NC State Extension Publications


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Smallflower buttercup (Ranunculus abortivus) may resemble a wild violet in its early growth, but later in the life cycle it produces upright stems that are slender and branch from the base of the plant. Lower leaves are dark green and rounded, while upper leaves are a brighter green and elongate with occasional lobes. Flowers, which appear from April to August, are tiny and yellow with five petals. The plant can grow to heights of 6 - 24 inches. Smallflower buttercup reproduces by seed. This weed grows in both dry and moist environments and is commonly found in fields, waste areas, and wooded habitats. It can be distinguished from hairy buttercup by the lack of hairs on its leaves. In addition, hairy and bulbous buttercup have lobed leaves, whereas most of the lower leaves of smallflower buttercup are unlobed.

Cultural Control

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Perennial broadleaf turf weeds are capable of living more than two years. They thrive in weak, thin turf; golf fairways and roughs; home lawns; playfields; and industrial grounds. Proper turf maintenance is the key to control of this weed. First, select adapted turfgrass cultivars for your area and then properly fertilize, mow, and water to encourage dense growth.

Species Data

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    • winter annual or biennial or perennial weed
    • one
    • most of the lower leaves exhibit crinkled leaf margins, while upper leaves tend to have smooth margins
      Figure 2
    • most of the lower leaves are heart-shaped and unlobed, whereas the upper leaves tend to be elongated and occasionally lobed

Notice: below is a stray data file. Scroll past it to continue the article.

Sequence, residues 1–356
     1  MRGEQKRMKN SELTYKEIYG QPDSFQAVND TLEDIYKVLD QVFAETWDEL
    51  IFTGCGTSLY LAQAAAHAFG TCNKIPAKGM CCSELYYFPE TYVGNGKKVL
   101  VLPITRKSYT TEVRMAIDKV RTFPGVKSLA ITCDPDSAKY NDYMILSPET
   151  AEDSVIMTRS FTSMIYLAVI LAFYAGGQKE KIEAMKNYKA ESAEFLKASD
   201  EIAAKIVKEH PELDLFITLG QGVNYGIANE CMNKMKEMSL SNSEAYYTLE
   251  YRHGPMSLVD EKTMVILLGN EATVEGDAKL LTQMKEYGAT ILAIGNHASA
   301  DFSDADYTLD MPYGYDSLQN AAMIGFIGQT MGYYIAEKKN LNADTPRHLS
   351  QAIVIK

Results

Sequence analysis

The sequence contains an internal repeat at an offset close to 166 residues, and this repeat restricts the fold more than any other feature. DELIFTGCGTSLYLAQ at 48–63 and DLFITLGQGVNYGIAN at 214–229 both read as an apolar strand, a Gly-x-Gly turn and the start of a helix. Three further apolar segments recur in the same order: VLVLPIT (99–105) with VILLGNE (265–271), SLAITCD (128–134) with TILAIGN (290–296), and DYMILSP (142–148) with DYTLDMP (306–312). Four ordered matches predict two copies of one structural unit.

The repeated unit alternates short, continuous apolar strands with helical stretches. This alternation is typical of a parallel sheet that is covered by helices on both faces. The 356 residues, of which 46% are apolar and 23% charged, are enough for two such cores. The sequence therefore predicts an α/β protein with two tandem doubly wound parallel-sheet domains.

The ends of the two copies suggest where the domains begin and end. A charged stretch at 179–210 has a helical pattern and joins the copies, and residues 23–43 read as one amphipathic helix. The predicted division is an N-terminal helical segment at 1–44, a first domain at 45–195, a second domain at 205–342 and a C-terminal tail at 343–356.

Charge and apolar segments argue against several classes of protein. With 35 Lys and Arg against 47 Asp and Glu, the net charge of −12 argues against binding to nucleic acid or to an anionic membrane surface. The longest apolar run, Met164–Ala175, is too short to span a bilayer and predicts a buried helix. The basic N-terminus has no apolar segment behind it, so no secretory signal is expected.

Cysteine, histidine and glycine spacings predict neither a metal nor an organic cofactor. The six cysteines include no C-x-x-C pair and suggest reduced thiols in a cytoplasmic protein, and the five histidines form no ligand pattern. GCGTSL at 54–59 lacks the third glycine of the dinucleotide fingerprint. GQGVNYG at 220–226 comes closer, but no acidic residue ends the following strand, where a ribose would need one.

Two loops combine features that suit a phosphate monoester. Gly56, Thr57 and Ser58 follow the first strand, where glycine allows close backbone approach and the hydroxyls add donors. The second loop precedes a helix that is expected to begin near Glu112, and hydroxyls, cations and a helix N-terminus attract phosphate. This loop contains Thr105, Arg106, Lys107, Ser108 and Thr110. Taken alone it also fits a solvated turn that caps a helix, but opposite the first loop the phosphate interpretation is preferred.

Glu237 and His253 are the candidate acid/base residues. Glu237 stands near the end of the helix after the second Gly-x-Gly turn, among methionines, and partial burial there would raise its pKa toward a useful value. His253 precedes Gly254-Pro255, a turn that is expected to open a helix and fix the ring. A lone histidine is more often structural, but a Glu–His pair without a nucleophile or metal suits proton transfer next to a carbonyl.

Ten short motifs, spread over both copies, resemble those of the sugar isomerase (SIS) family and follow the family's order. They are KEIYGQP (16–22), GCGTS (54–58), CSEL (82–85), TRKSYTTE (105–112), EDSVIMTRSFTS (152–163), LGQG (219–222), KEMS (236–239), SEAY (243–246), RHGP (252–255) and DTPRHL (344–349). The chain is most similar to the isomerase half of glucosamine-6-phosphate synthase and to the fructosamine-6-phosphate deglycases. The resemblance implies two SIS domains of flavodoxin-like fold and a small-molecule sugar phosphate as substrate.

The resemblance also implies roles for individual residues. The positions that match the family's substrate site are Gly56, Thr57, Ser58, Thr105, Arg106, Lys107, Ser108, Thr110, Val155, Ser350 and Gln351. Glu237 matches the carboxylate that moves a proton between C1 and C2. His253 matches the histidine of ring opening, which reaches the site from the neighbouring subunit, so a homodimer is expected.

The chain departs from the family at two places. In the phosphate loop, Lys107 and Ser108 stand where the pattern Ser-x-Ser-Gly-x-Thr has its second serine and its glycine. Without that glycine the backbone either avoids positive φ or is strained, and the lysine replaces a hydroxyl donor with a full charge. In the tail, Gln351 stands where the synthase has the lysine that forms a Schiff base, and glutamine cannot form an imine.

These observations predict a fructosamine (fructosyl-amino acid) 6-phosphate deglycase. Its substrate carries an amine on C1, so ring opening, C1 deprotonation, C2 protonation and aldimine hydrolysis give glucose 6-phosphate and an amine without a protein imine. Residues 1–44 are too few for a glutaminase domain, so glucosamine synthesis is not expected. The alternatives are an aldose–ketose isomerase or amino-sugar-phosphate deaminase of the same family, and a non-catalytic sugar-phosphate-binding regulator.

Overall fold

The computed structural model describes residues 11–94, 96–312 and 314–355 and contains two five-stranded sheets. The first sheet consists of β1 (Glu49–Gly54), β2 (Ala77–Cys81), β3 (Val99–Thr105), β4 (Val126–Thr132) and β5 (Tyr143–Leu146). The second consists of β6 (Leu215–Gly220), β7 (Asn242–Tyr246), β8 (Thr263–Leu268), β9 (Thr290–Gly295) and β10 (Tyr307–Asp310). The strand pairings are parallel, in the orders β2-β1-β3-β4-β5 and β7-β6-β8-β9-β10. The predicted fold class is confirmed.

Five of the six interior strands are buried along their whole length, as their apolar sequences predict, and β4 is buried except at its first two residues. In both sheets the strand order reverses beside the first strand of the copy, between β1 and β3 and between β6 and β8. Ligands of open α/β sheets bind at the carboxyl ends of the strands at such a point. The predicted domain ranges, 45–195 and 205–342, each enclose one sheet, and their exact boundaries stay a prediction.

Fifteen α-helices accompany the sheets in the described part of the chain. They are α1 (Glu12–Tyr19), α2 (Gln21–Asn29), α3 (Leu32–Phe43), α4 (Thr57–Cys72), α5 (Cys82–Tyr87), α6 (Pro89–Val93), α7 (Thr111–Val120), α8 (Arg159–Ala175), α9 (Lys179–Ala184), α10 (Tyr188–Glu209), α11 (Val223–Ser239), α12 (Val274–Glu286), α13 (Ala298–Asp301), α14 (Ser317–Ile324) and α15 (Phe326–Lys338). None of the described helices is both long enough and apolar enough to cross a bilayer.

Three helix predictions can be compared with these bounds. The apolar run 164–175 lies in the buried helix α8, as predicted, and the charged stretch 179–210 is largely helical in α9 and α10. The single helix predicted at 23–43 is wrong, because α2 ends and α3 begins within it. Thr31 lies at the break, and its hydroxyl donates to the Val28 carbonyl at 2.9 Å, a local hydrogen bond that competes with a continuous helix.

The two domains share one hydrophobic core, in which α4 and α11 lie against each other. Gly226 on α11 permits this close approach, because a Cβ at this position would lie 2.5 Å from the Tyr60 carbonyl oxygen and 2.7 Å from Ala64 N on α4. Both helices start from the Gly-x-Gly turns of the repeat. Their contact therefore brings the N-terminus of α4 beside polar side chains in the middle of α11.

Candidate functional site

• pinnate
    • fibrous
Smallflower buttercup  growth habit.

Figure 1. Smallflower buttercup growth habit.

Smallflower buttercup leaf margin.

Figure 2. Smallflower buttercup leaf margin.

Smallflower buttercup leaf arrangement.

Figure 3. Smallflower buttercup leaf arrangement.

Smallflower buttercup leaf arrangement.

Figure 4. Smallflower buttercup leaf arrangement.

Smallflower buttercup leaf arrangement.

Figure 5. Smallflower buttercup leaf arrangement.

Smallflower buttercup flower color.

Figure 6. Smallflower buttercup flower color.


Extension Specialist (Turfgrass/Forage Crop Weed Mgt)
Crop & Soil Sciences

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Publication date: Nov. 15, 2017

Recommendations for the use of agricultural chemicals are included in this publication as a convenience to the reader. The use of brand names and any mention or listing of commercial products or services in this publication does not imply endorsement by NC State University or N.C. A&T State University nor discrimination against similar products or services not mentioned. Individuals who use agricultural chemicals are responsible for ensuring that the intended use complies with current regulations and conforms to the product label. Be sure to obtain current information about usage regulations and examine a current product label before applying any chemical. For assistance, contact your local N.C. Cooperative Extension county center.

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